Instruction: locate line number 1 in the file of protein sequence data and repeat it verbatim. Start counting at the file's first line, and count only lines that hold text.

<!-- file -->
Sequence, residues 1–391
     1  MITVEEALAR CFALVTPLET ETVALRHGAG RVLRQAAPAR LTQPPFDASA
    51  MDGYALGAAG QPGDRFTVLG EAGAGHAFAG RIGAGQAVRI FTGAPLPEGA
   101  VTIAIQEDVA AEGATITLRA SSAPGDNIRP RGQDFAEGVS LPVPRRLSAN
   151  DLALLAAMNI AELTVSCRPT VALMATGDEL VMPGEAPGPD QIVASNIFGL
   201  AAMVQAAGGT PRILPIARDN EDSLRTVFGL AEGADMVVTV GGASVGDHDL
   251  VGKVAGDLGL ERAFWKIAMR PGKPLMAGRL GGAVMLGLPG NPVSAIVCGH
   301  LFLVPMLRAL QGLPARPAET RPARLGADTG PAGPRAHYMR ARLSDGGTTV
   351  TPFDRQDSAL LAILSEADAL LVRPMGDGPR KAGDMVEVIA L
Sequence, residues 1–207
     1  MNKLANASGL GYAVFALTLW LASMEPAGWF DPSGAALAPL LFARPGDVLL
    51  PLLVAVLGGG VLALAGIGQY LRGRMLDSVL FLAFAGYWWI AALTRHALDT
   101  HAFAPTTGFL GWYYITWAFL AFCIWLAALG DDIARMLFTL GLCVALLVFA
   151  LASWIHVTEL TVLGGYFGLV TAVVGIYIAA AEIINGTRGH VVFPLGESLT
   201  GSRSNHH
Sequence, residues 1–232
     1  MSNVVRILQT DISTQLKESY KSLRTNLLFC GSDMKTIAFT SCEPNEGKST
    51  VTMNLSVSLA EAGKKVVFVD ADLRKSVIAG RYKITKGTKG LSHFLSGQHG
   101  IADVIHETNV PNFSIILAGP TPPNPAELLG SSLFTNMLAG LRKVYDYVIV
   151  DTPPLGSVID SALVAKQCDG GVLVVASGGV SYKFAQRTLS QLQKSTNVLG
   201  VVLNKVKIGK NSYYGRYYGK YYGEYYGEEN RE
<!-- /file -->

Sequence, residues 1–391